Truth be told, I’ve been a Marc Newson fan for years. He holds a special place in the world of design: He’s famous, good-looking, represented by the biggest art gallery in the world (Gagosian) and an international jet-setting celebrity.
This all may seem rather clichéd, until one considers that industrial design has never had a superstar. There are art stars, starchitects, rock stars and movie stars, but there’s never been a star in the world of design. When you think of Buckminster Fuller, Jean Prouve or Charles Eames, you don’t think of fast cars, speedboats, dream jets and jet packs; here’s where Mr. Newson created a role and a persona that never existed before. Born in Australia, he made his name, after studying in Sydney, London and Tokyo, as the designer of a surprising variety of things: “the skybed” for Quantas Air; Alessi cookware; and restaurants a decade apart, London’s Coast and New York’s Lever House, that were so hot they were almost nightclubs. His furniture, hand-fabricated in limited editions, has been setting auction records for years. Even through this financial debacle, his iconic 1986 Lockheed Lounge (a gleaming curved steel seat that looks like it was made for a particularly stylish astronaut) made more than $2 million at a Philips auction last May.
Marc is far from the only great designer in the world, of course; I have learned to love the work of several other contemporaries, including Jasper Morrison, Ron Arad and more, and am even writing a book on the subject. But the work of Marc Newson exists in a somewhat separate space than traditional design. This is not because of his reputation as a globe-trotting, nightclubbing hedonist (although, as we’ve seen, that helps), but because he has one foot planted in industrial design, one foot in art and a third in the world of luxury. Though he can rethink a rubber doorstop or a plastic chair, he also designs for Dom Perignon, Jaeger Le Coultre, Ford and the European Space Agency.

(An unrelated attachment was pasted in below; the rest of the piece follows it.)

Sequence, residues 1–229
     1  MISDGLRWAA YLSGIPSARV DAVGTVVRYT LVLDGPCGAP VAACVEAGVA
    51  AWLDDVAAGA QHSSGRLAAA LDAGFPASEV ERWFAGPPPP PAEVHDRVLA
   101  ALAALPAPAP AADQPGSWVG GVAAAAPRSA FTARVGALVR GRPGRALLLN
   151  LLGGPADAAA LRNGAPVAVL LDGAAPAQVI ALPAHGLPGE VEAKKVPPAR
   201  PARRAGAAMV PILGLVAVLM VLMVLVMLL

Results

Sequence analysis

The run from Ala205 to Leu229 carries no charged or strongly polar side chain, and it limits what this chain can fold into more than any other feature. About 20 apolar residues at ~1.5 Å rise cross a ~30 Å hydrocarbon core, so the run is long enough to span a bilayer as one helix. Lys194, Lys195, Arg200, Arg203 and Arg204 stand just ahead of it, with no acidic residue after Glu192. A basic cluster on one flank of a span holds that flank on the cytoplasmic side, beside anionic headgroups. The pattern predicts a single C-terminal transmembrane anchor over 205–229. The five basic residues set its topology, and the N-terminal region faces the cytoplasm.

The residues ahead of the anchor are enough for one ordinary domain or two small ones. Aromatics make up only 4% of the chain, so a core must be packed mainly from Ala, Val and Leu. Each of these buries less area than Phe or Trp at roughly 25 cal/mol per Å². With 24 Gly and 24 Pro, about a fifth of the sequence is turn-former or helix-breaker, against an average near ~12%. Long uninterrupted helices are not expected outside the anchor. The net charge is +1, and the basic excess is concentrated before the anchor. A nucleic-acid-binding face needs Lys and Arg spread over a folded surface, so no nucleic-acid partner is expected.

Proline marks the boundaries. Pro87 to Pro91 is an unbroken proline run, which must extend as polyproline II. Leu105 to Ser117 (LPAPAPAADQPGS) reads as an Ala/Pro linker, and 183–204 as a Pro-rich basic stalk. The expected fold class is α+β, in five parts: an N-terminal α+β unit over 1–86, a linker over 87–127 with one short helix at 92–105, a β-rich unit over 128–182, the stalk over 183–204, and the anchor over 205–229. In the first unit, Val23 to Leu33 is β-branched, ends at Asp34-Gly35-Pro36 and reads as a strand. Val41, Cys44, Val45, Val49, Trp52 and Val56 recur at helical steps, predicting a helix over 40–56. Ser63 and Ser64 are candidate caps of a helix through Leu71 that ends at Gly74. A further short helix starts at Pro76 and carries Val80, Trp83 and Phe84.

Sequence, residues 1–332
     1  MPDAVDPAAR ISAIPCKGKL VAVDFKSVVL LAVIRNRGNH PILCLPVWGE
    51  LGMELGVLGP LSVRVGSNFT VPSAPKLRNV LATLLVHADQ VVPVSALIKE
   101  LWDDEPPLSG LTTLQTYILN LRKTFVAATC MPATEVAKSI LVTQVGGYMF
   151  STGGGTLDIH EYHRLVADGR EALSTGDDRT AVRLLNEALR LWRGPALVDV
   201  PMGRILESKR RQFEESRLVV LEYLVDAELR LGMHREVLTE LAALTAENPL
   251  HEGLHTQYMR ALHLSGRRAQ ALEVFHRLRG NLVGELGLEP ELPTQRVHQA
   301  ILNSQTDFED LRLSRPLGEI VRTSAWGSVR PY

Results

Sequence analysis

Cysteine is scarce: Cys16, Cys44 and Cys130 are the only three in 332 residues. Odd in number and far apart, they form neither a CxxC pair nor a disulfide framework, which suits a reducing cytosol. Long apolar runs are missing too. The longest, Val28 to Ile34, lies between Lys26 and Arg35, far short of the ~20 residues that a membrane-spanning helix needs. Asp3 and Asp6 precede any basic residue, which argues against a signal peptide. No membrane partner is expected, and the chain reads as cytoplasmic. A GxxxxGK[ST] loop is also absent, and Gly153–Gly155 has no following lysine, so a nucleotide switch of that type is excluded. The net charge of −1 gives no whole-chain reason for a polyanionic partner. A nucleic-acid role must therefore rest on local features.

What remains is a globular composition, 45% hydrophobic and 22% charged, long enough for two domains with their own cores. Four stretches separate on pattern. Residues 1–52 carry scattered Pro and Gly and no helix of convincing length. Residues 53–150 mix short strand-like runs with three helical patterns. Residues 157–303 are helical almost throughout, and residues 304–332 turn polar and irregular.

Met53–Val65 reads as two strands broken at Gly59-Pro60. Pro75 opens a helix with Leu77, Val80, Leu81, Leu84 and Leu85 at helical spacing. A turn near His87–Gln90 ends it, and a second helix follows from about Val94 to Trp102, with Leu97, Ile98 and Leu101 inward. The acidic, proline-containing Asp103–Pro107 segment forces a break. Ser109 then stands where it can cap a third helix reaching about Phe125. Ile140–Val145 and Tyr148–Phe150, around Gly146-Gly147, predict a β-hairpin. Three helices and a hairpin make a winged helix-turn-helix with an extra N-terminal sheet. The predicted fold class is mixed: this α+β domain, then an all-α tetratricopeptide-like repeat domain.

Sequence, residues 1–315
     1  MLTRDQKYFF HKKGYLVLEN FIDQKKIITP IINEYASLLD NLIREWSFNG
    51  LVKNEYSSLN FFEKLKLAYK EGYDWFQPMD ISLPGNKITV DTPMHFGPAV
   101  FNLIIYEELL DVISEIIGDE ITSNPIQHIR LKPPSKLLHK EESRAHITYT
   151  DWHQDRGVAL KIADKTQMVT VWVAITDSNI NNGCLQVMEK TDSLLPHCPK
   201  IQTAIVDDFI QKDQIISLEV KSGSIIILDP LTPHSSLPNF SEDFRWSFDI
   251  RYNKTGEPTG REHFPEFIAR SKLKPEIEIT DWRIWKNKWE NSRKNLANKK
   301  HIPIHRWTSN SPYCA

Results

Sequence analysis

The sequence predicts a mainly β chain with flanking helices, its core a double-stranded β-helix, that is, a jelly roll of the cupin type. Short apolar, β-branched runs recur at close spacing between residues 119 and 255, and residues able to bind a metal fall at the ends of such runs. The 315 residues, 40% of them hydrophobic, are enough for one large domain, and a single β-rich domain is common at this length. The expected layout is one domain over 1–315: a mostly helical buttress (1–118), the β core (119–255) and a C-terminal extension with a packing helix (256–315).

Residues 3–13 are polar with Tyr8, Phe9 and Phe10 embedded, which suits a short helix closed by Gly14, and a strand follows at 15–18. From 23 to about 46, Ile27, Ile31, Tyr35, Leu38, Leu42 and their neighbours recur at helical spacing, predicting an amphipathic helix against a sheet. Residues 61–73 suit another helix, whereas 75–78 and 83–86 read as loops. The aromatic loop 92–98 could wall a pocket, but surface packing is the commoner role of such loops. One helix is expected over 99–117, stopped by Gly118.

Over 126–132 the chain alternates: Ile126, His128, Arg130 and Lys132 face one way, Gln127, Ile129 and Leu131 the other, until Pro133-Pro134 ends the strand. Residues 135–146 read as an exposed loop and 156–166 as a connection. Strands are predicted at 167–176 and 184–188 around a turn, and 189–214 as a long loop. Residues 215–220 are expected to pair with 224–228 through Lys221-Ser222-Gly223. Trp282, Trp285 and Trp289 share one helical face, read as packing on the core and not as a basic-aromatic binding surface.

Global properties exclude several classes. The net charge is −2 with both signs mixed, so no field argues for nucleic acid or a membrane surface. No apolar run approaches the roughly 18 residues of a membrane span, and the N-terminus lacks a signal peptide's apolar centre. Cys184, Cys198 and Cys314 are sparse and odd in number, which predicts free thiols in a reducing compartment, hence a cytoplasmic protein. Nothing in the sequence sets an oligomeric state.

A visit to his “Transportation” show that opened at Gagosian on Sept. 15 (it features a car, a speedboat, a jet pack and a bicycle) was the perfect opportunity to talk to him about what makes him different. (Full disclosure: He had to talk to me–I’m the majority investor in his Ikepod luxury watch company.)
I wanted to see for myself if his new “Riva speedboat by Marc Newson” (edition of 20) could live up to both the hype preceding the show and the classic beauty of the original 1962 Riva Aquarama mahogany runabout that it’s meant to echo.
Adam Lindemann: What’s a $1.5 million speedboat doing in an art gallery?
Marc Newson: I love the idea of putting things like boats and airplanes into an art gallery. … What I find really interesting is taking these objects out of their context. I really like to re-contextualize a thing, taking a boat and putting it in a gallery, or taking a plane and putting it in a gallery. … All of these things typically end up in really horrible trade fairs–the Fort Lauderdale Boat Show, the Detroit Automobile Show, really horrible forums–and I think it’s impossible to judge them in that context; my products just don’t work in that sort of environment.